I spent the evening marking papers, then realized I needed to run a quick errand and walked outside to discover the moon and the flag.

A lot has taken place since that first post thirteen years ago, but theirs is more to tell in the years ahead, just like the flag and moon. There’s more left and beginning Monday at noon, there are 76 days to practice for the time when I won’t be teaching.

Today was a great day, I think I got 140 sixth graders to think about energy transfer when they really wanted to think about summer break and sleeping in. Tomorrow we are on a walking field trip to a local park and Friday will be here and gone before I know it and I’ll be outside waving to school buses as the leave the parking lot one last time.

I’ve got a little formatting to do and then I’ll press publish and this will go live. The day is done, and I am headed to bed to catch some rest before it starts all over anew. Making the days Count, one day at a time, it’s all in a cycle.

What are your plans this summer?

W^2 – kitchen window

W^2 or W squared for Wordless Wednesday, February 8, 2023

momma cardinal at the feeder, Wheaton, Illinois January 22, 2023 1:10 PM

It is Wednesday and I have written or posted in a very long while.

Birds have been visiting the feeder this winter and I looked out the kitchen window a couple of weeks ago to see a pair of cardinals feeding – a couple a male and a female. The male with his bright red plumage caught my eye and I took photos of both. I am saving the rest for a future post.

Today is going to be a great day, an amazing day, in fact. I know it and I can feel it, so I’d better jump up, jump in, and seize the day. Making the Days Count, one day at a time, enjoying the longer days and the sunshine we’ve had of late.

What do you see when you look out your kitchen window?

W^2 – last time?

W^2 or W squared for Wordless Wednesday, January 4, 2023

I’ve been in northern Mississippi since Monday afternoon. I flew Southwest Airlines, yes that Southwest Airlines. The airline that melted down and cancelled hundreds of flights for an entire week beginning the day after Christmas. It’s been my go-to airline since I began travelling to Mississippi to visit my stepmother or care for the house these past three years.

the moon rising at 5:08, can’t see Mars and my stepmom’s home in Oxford

Yesterday, I engaged a realtor to sell the property. The day began with thunderstorms racing through the area and a tornado warning. By noon, the skies were clear. I took care of a few errands and decided to walk around her neighborhood one last time. Oxford is a beautiful town, and I understand how she and my dad came to love it.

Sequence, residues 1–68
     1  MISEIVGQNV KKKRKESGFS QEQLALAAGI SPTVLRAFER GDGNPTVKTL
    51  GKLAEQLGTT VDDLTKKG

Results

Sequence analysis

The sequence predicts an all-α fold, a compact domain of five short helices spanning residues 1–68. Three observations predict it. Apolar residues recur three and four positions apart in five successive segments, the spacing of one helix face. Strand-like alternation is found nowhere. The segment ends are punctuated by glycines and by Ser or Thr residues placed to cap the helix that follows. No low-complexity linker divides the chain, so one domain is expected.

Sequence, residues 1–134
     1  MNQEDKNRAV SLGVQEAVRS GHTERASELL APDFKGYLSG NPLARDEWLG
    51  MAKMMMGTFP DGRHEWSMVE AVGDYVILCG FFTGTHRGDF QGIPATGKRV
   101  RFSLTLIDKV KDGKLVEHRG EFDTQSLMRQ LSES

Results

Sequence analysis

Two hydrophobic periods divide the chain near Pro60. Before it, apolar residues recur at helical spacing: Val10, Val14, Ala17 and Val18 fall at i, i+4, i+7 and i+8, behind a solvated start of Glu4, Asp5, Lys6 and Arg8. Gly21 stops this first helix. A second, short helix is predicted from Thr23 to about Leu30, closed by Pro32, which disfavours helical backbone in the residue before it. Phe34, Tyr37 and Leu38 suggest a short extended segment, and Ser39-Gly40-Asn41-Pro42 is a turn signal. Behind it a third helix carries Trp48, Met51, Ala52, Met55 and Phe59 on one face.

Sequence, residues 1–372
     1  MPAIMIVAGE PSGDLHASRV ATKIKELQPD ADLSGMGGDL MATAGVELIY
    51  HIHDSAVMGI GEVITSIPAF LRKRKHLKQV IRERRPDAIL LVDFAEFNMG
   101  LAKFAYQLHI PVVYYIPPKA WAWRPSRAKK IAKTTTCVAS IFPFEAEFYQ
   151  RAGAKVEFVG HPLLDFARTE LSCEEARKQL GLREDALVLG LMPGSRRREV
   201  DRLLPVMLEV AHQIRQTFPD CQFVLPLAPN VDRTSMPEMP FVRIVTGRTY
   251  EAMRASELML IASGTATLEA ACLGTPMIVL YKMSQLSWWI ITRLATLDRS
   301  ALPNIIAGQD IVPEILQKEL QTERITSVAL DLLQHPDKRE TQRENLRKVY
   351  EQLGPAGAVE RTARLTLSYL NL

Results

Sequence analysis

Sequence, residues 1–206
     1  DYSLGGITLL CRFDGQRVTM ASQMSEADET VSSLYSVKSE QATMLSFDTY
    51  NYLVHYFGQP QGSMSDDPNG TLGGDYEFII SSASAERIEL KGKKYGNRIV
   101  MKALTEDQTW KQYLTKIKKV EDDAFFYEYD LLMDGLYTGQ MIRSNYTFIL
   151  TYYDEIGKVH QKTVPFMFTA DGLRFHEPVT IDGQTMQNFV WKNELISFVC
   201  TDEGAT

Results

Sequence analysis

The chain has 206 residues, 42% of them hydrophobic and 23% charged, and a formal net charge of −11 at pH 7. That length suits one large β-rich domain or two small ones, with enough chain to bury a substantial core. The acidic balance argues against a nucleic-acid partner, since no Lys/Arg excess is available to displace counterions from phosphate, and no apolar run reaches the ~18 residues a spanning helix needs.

fifteen minutes later and Mars is visible

As I finished my walk, the sun had set, and the moon was rising. I’d gotten a message from an app that the moon and mars would be in conjunction and the best viewing time would 5:06 PM. It was still light out and the moon was visible, but Mars wasn’t. I pulled a lawn chair out onto the drive and sat and watched. Within twenty minutes Mars became visible as a small dot above the moon.

I savored the moment; it was a beautiful January evening, and it was pleasant enough to sit outside without a jacket.

twenty-seven minutes after sunset

I’ve enjoyed my visits over the years, but I am hoping this is my last trip to Oxford.

I had entertained the idea of driving to Vicksburg and staying at the Baer House and visiting the Vicksburg battlefield one more time but decided to get home and finish up a few things before school restarts Monday.

It’s a beautiful sunny day at the Memphis airport, but it will be good to get home later this evening.

Today is already an amazing day. I got to the airport ahead of time, I am checked in, and waiting on an airplane. I know it and I can feel it, so I’d better jump up, jump in, and seize the day. Making the Days Count, one day at a time, looking forward to getting home.

How is the weather where you are?

annus mirabilis

I am not one for New Year’s resolutions, I reserve life changing promises for the new year which begins at the end of school, when teachers and students have an entire summer to reflect and reset for a new year. Sometimes these promises work and sometimes, they don’t.

The beginning of 2023 is no different. I’ve been reading posts on the blogosphere and social media disparaging the recently completed year, 2022. I suppose for some 2022 wasn’t the year for them. I read support for the recently completed year, as well.

On the whole, 2022 was, at least for me, an improvement on the previous year. It wasn’t perfect, but most years aren’t.

Early this morning, I discovered a new word – annus mirabilis, or a remarkable or notable year. I found it checking the meaning of another word with my Merriam-Webster app.

I’ve been blogging since the end of the school year in 2010. Blogging was a resolution then, but really it was more of a reaction to an annus horribilis. This post will mark my 728th post that I have published across fourteen consecutive years. That one resolution has changed my life in so many ways.

a Northern Cardinal at the feeder, Monday December 26, 2022

As I reflected this morning, Continue reading annus mirabilis